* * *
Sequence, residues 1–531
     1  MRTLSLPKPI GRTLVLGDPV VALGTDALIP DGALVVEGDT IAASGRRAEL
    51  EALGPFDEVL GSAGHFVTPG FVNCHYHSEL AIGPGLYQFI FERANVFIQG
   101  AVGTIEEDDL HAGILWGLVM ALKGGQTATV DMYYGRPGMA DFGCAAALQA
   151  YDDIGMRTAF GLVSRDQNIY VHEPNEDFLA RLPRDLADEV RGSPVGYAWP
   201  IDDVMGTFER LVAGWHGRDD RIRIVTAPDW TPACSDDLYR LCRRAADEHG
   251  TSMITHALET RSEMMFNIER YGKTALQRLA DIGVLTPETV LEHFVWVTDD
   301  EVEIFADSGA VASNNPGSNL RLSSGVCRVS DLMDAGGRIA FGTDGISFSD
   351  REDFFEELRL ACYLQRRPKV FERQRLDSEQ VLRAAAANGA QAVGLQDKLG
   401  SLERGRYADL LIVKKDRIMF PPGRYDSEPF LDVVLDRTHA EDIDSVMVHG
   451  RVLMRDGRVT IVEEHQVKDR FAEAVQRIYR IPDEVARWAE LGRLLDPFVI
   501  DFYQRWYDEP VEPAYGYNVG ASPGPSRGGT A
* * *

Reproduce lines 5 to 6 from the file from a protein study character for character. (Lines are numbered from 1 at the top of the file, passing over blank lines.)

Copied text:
   151  YDDIGMRTAF GLVSRDQNIY VHEPNEDFLA RLPRDLADEV RGSPVGYAWP
   201  IDDVMGTFER LVAGWHGRDD RIRIVTAPDW TPACSDDLYR LCRRAADEHG